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The Collaborative International Dictionary
Cromlech

Cromlech \Crom"lech\ (kr[o^]m"l[e^]k), n. [W. cromlech; crom bending or bent, concave + llech a flat stone; akin to Ir. cromleac.] (Arch[ae]ol.) A monument of rough stones composed of one or more large ones supported in a horizontal position upon others. They are found chiefly in countries inhabited by the ancient Celts, and are of a period anterior to the introduction of Christianity into these countries.

Douglas Harper's Etymology Dictionary
cromlech

c.1600, from Welsh, from crom, fem. of crwm "crooked, bent, concave" + llech "(flat) stone." Applied in Wales and Cornwall to what in Brittany is a dolmen; a cromlech there is a circle of standing stones.

Wiktionary
cromlech

n. A dolmen or ancient underground tomb.

WordNet
cromlech

n. a prehistoric megalith typically having two upright stones and a capstone [syn: dolmen]

Wikipedia
Cromlech

Cromlech (from Welshcrom, feminine form of crym "bent, curved" and llech "slab, flagstone") is a term used to describe prehistoric megalithic structures. The term is now virtually obsolete in archaeology, but remains in use as a colloquial term for two different types of megalithic monument.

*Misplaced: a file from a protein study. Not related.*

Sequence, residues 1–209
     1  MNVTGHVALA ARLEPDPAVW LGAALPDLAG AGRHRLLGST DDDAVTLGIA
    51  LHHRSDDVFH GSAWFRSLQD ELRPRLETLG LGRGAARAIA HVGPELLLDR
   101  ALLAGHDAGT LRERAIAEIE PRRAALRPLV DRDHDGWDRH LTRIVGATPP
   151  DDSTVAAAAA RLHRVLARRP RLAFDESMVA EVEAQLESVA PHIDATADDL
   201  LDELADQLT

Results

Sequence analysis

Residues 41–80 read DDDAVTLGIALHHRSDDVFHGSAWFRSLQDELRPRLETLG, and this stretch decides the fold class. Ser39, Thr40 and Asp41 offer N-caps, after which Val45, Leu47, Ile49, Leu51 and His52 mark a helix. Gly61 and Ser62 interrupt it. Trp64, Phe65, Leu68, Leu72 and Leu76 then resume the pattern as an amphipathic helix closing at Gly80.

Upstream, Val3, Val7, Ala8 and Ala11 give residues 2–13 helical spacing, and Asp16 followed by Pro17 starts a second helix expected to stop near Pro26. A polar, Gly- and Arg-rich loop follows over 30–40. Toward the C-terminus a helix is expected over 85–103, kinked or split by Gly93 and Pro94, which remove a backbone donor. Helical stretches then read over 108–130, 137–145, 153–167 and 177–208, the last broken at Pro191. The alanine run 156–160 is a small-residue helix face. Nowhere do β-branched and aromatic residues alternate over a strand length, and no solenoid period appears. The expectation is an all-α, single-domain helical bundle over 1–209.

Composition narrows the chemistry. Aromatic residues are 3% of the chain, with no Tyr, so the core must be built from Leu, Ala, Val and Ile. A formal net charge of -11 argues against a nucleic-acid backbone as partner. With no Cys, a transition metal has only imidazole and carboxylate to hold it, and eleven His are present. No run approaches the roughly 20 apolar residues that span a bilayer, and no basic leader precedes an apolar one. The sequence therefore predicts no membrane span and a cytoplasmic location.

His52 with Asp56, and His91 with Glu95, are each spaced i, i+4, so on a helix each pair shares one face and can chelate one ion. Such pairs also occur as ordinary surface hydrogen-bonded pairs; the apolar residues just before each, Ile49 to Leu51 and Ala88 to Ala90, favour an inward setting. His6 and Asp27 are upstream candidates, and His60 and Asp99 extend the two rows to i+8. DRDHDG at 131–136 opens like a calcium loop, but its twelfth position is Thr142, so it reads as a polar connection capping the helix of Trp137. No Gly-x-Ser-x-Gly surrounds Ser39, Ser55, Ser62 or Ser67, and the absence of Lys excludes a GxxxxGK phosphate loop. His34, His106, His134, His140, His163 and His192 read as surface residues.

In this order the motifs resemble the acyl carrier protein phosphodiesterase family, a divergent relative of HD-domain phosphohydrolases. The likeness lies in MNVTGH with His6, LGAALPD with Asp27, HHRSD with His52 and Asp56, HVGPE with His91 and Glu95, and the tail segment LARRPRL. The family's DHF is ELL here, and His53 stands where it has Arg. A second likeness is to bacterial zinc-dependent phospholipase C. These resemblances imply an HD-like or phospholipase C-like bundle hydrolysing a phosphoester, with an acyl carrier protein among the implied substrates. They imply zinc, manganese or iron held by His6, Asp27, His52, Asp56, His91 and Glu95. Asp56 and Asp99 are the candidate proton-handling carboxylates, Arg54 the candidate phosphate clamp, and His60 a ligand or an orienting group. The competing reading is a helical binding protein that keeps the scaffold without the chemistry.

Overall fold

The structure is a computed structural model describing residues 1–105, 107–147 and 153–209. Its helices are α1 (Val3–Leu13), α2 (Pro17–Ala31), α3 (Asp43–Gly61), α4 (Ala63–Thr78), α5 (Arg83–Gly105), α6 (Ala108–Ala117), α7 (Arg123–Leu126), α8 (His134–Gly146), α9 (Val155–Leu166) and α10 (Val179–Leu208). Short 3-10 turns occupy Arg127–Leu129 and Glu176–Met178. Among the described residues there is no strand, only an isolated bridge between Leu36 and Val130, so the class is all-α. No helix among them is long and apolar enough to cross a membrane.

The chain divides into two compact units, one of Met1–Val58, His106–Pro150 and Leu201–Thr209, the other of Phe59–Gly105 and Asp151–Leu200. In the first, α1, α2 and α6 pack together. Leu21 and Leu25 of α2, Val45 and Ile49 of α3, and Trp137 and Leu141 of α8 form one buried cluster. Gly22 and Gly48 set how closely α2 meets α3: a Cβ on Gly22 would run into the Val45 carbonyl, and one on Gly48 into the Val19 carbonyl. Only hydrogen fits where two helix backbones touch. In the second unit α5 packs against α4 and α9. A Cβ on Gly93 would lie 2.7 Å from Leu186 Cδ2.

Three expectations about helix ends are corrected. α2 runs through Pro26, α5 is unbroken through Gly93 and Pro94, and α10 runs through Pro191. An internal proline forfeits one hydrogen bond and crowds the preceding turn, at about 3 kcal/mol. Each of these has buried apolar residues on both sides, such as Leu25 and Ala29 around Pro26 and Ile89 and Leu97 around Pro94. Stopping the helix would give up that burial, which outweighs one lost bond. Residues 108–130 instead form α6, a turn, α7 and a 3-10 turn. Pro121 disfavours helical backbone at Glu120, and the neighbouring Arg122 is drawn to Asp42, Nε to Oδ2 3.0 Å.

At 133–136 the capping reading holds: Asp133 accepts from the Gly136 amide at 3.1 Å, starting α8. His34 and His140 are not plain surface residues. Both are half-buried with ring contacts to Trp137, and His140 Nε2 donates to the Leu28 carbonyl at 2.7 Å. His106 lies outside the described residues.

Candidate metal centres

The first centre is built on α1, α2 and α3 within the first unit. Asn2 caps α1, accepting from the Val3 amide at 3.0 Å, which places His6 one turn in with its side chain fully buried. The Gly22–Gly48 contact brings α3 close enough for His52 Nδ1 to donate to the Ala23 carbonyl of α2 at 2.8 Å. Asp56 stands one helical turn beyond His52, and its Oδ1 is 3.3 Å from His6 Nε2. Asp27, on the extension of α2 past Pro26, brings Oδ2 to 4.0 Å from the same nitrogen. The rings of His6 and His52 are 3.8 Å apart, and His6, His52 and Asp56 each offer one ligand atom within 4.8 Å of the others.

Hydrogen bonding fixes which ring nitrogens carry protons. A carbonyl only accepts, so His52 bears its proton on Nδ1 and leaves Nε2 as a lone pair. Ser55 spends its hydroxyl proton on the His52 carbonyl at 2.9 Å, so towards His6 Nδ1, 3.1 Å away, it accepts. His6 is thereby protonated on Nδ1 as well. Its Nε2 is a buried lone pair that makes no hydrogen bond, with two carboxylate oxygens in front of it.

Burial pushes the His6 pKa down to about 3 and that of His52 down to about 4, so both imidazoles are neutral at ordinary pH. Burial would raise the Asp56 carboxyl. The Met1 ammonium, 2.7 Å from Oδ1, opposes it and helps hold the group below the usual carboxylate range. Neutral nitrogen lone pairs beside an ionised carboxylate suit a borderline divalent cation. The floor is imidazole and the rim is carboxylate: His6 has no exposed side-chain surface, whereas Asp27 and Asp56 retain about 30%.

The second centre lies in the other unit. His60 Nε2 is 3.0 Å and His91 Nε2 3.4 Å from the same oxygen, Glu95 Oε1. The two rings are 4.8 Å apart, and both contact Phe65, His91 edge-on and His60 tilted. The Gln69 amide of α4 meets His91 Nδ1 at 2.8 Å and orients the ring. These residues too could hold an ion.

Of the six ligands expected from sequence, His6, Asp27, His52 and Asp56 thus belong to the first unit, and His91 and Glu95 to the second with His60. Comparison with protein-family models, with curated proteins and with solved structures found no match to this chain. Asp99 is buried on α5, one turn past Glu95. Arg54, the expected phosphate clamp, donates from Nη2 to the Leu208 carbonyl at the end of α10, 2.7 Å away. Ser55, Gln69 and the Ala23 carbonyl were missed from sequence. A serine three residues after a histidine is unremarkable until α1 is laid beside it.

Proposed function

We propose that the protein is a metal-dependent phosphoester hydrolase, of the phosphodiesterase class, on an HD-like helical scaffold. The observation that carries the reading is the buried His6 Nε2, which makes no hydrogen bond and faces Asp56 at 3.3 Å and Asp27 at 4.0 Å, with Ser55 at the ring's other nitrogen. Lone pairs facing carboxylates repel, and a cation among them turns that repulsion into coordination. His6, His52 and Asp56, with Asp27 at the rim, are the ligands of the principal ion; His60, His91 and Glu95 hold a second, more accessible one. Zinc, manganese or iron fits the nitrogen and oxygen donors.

In English it usually refers to dolmens, the remains of prehistoric stone chamber tombs. However, it is widely used in French, Portuguese and Spanish to describe stone circles. Confusingly, some English-speaking archaeologists, such as Aubrey Burl, use this second meaning for cromlech in English too.

In addition, the term is occasionally used to describe more complex examples of megalithic architecture, such as the Almendres Cromlech in Portugal.

Usage examples of "cromlech".

The bones found in the cromlechs are those of a large and dolichocephalous race.

The scenes depicted on the emunctory field, showing our ancient duns and raths and cromlechs and grianauns and seats of learning and maledictive stones, are as wonderfully beautiful and the pigments as delicate as when the Sligo illuminators gave free rein to their artistic fantasy long long ago in the time of the Barmecides.

Now it is quite clear--though you have perhaps never thought of it--that if the next generation of Englishmen consisted wholly of Julius Caesars, all our political, ecclesiastical, and moral institutions would vanish, and the less perishable of their appurtenances be classed with Stonehenge and the cromlechs and round towers as inexplicable relics of a bygone social order.